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I’ve often shared how frustrating it is from my perspective to be helping a client who is having trouble getting life insurance, and have them compound the seriousness of the work by lying to me, or being less than candid. Well hang on to your shorts life insurance liars. American General has started what I hope will be an industry wide trend, and said that if people are not honest on their applications they cannot reapply with the company for at least two years. Being less than candid is a huge problem in impaired risk life insurance. Clients will often, at least the first time around, try just not mentioning their health problems. And in all fairness there is no lack of life insurance agents that will either not ask the questions or find a way to present answers to a life insurance company that are, again, less than candid.

But let’s call it what it almost always is, lying. I say almost always because when important information is not put into the process by a client there are rare occasions when they just didn’t understand the question or had forgotten about something. I was going to say that most often it is a decision to not answer a straight forward life insurance question honestly by the client, but I think there are enough dishonest life insurance agents out there that is probably a problem that is split 50/50. So how will this bold move by American General help the application process get better? First let me tell you that I don’t think it will make a big difference until more of the best impaired risk life insurance companies are on board with this kind of stance. But what if they were? Then the word would spread rapidly through the life insurance industry and I think the potential client base that spilling your guts is far better than trying to skirt around something. Agents would become much more aggressive about asking all of the health questions and at the end of those questions, asking the client if there is anything else that could potentially come out when the company looks at their medical records and the records of any doctor or mental health person your doctor has referred them to.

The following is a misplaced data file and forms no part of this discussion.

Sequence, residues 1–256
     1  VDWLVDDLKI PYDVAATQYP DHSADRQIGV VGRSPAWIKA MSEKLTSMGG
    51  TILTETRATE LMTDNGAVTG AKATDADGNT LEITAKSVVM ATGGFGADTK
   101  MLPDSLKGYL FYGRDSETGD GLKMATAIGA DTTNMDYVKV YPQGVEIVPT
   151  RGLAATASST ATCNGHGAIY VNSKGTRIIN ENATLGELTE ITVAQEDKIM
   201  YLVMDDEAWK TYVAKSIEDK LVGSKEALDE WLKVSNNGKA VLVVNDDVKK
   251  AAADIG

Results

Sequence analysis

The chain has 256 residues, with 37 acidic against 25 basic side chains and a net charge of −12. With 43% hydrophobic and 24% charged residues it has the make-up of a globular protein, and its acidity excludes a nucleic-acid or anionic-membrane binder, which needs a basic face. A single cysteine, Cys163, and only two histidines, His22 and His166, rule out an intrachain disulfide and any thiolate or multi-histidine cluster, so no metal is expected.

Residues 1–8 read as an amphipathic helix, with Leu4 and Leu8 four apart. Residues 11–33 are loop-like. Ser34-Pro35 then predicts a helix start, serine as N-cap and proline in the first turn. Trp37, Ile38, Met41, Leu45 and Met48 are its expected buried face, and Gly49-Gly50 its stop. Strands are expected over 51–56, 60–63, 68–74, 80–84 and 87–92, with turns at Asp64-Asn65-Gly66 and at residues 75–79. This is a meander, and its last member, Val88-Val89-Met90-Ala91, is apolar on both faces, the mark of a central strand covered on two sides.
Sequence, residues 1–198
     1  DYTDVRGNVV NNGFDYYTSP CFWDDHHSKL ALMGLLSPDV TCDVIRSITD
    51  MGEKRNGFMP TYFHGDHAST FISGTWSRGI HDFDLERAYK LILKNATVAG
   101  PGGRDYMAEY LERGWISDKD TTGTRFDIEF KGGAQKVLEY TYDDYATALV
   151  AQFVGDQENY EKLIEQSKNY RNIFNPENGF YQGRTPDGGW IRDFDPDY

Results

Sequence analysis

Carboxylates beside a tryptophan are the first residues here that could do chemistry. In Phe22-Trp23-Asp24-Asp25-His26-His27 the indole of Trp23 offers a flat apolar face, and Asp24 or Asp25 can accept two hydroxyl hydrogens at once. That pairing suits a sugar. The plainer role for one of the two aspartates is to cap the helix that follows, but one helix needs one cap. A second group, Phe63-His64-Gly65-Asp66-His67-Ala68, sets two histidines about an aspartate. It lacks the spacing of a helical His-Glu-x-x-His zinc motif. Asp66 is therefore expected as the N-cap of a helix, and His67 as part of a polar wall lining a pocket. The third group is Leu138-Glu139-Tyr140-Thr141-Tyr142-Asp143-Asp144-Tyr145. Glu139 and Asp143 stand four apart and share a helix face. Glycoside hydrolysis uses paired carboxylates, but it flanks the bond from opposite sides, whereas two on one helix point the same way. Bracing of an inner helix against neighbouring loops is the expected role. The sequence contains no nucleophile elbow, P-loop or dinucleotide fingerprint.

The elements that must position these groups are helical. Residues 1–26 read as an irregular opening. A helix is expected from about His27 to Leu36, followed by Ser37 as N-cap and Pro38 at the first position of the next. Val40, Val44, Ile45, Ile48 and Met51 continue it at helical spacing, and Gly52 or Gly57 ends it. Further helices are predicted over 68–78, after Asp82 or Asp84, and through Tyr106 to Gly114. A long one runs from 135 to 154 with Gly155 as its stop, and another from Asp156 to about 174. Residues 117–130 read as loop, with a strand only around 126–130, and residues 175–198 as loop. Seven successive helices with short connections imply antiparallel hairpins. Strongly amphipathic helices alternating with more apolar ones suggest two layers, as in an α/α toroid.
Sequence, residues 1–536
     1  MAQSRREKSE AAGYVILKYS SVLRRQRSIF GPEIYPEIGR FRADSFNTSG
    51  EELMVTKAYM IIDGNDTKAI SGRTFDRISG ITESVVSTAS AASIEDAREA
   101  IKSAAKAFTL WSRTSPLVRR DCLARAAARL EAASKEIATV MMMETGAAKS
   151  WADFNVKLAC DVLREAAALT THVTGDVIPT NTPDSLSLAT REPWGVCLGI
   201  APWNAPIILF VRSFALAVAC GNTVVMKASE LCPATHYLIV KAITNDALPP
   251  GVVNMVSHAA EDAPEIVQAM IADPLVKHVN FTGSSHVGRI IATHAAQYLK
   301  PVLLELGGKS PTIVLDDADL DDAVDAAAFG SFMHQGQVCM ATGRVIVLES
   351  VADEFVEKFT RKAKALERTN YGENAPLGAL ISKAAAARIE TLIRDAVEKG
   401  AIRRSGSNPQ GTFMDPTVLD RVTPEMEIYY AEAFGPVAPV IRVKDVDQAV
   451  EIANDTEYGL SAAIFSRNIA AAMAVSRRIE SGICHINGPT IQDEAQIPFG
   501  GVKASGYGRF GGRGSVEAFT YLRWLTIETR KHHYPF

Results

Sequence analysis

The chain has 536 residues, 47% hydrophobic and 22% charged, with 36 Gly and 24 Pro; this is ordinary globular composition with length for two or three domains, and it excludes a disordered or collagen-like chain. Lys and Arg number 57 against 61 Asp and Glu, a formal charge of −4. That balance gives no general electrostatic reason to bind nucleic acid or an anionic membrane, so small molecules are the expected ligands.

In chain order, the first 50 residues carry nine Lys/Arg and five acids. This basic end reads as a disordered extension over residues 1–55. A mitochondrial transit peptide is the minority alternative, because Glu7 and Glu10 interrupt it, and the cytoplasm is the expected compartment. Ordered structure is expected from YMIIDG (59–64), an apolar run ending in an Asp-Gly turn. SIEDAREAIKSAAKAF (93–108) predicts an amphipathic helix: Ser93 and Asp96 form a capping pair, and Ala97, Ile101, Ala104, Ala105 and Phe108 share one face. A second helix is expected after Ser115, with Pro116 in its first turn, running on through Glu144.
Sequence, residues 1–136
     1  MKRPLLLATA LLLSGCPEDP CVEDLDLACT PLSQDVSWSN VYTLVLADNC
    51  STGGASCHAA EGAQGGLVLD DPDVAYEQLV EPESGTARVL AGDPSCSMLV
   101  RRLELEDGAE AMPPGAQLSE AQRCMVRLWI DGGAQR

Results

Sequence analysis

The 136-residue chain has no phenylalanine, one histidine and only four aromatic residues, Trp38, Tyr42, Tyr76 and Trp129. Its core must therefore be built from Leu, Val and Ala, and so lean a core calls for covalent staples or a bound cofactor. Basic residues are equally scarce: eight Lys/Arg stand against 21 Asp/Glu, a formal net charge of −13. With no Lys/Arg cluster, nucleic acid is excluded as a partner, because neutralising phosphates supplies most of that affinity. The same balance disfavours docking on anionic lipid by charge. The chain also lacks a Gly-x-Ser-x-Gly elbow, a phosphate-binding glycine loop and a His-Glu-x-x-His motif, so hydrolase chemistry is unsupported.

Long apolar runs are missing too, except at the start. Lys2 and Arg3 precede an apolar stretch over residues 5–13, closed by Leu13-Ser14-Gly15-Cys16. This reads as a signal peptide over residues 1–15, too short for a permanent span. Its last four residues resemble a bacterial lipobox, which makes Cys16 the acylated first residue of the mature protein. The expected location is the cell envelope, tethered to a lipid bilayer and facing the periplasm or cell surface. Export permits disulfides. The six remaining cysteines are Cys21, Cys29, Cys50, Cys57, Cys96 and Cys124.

In other words, even though the application doesn’t ask you if you’ve had a stem cell transplant, doesn’t mean it isn’t relevant. Maybe it is or maybe it isn’t, but the underwriter is the one that should decide that. If you don’t tell them and they find out from your medical records then they, and the agent if he asked about anything else in your medical records, have a legitimate beef with you. I don’t know about all of those other agents, but I take my seriously and when I go to work for someone I work hard for them. Losing the business because I’ve been lied to is a real slap in the face.

Bottom line. My applause for American General and them finally putting something out there to try to slow down the dishonesty from clients and bad agents. If you have any questions, or if you’ve used an agent that has kind of indicated that the truth isn’t absolutely paramount, call or email me directly. My name is Ed Hinerman. Let’s talk.